James Riordan asks Where have all the folk heroines gone?
Most folk and fairy tales are about boys, men and male animals, and male adventures. In the major fairy tale collections, the ratio of titles featuring males to those featuring females is as follows: 81:25 in the Grimms, with 6 mixed (though the male always comes first); 65:22 in Jacobs’ collection of British fairy tales; 34:16 in Andersen; and 17:1 in Lang’s version of the Arabian Nights.
When females do feature in the tales, they often play insignificant, passive roles, or are portrayed as evil, ugly temptresses. Loving, watching, serving or hatching evil are the main activities permitted to women in fairy tales. In the Grimm tales, for example, 80 per cent of the negative characters are female.
So what? Surely no one takes fairy tales seriously? Or do they? There is plenty of evidence to show that children learn a great deal about the world through stories, about what is expected of children of their age, and what they can and ought to be when they grow up. Fairy tales play an especially important part in early development of ideas simply because of their immense popularity. They are read and told over and over again to children in the process of developing their own identity and future expectations by teachers and parents whom they trust above all others; and they are usually the first stories and films that children come into contact with.
And what do the stories say? That girls are not very important or positive characters, that females are empty creatures who do less exciting, less varied, less independent and less intelligent things than males. Even heroines like Cinderella, Sleeping Beauty and Snow White remain subservient females – prizes for male adventure. Females serve, males lead; and, the fairy tales imply, the former cannot exist without the latter.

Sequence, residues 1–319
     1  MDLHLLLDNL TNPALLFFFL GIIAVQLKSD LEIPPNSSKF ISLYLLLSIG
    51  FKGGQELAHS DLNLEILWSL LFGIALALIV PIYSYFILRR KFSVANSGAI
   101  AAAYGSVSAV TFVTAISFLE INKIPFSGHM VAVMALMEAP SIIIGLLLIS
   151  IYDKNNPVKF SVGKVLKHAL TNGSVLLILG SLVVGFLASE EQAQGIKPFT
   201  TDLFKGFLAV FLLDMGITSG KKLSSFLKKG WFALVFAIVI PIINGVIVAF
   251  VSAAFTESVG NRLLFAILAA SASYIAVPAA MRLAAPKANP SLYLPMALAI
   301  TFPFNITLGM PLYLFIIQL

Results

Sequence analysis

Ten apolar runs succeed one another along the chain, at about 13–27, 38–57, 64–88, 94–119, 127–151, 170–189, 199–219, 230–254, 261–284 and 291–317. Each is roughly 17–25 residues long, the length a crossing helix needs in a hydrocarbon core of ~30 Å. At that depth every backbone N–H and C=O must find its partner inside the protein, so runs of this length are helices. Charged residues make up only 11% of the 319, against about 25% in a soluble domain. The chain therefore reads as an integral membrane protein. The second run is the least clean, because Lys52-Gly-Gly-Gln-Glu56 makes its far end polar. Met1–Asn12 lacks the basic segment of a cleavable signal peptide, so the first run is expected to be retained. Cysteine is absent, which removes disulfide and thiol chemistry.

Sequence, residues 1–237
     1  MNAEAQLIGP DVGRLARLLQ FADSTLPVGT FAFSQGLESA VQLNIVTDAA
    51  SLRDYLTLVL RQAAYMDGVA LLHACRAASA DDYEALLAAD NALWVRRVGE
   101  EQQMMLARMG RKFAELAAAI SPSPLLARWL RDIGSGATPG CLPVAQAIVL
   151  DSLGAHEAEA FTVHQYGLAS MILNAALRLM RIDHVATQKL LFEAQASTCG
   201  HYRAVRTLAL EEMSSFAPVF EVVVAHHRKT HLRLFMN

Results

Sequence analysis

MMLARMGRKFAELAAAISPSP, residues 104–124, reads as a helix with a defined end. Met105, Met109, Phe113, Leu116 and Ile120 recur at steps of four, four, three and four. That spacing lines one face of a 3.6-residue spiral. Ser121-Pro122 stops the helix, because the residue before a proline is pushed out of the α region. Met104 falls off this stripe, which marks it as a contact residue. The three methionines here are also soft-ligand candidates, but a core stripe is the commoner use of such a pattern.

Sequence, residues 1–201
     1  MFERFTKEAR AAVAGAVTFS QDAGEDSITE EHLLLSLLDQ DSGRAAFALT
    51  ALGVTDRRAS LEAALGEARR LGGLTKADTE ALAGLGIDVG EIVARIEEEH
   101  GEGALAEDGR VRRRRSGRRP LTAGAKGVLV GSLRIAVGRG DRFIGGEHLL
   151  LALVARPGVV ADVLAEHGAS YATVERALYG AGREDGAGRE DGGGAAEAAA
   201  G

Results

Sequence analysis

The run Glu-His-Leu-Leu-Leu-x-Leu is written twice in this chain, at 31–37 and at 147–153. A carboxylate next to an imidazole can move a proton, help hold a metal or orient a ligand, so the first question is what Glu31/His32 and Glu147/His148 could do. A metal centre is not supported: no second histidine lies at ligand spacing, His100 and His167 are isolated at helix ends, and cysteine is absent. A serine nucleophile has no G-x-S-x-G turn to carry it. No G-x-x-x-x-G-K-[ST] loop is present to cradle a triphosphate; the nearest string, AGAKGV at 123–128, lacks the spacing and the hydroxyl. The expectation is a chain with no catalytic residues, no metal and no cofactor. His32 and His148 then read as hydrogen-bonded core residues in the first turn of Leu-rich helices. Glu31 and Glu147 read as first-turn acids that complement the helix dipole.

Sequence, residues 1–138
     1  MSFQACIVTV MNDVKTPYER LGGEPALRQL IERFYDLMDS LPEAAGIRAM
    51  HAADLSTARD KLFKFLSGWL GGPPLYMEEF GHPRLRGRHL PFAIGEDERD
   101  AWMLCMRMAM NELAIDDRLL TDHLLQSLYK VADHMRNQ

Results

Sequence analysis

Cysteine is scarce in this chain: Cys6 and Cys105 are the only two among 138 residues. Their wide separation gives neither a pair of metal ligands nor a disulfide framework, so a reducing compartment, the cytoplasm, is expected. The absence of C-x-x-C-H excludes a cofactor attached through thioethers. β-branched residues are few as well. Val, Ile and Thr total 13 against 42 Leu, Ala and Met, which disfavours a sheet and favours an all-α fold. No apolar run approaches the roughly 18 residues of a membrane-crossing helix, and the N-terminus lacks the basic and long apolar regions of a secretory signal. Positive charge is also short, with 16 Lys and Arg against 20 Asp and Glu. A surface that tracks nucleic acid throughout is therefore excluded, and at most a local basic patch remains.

The irony of fairy tales is that, although the main collectors were professional men, the original storytellers were mostly women – and humble, working women at that. Charles Perrault called his tales ‘contes de vieilles’ (old wives’ tales). They came from ordinary people, such as children’s nurses, farming women, servants and village sages who themselves often led active and robust lives. The Arabian Nights, it may be recalled, are recounted by a woman, Shaharazade, and during research into their origins I was surprised to find as many heroines as heroes.
When such fairy tales came to be recorded, published and ‘mass-marketed’, mainly in the last century, however, they were fitted to polite society’s prevailing ideology, including the contemporary view of women. The published collections of fairy tales were originally intended for the literate; the values and aspirations presented were therefore those of the middle class. And when they came to be extended to the common people (after the 1870 Education Act) they naturally bore the dominant values of thrift, hard work, acquisitiveness and rugged individualism, as well as censorious attitudes to drink, gambling and sexual promiscuity (by women). Since there was virtually no call for educated Victorian girls to earn a living, they were expected to marry early and set their sights firmly on the domestic hearth. So it was in a girl’s interest to make herself an attractive marriage proposition by acquiring certain social graces while still a child – singing, dancing, music, embroidery, pretty manners. And the prescribed feminine attributes had to be displayed: females were to be wan, decorative, quiet, gentle, neat and tidy, fearful, and helpful to the male.
On the other hand, the acceptable Victorian image to fit educated males for their roles as captains of industry and Empire was quite different from ideals of femininity: boys had to be daring, vigorous, courageous, energetic, masterful, wild, unemotional and naughty (though not rebellious). The concept of a double standard of morality condoned sexual promiscuity in men as a display of `masculinity’ and male aggression, whilst condemning it in women as a sign of ‘unfeminine’, shameful behaviour. The princes of fairy tales, as of real life, could therefore sow their wild oats, while their blushing brides had to be delivered up pure and unsullied. Fairy tales were thus adapted and selected by their collectors and publishers to reflect the prevailing mores of an industrial ruling class establishing its power over the rest of society.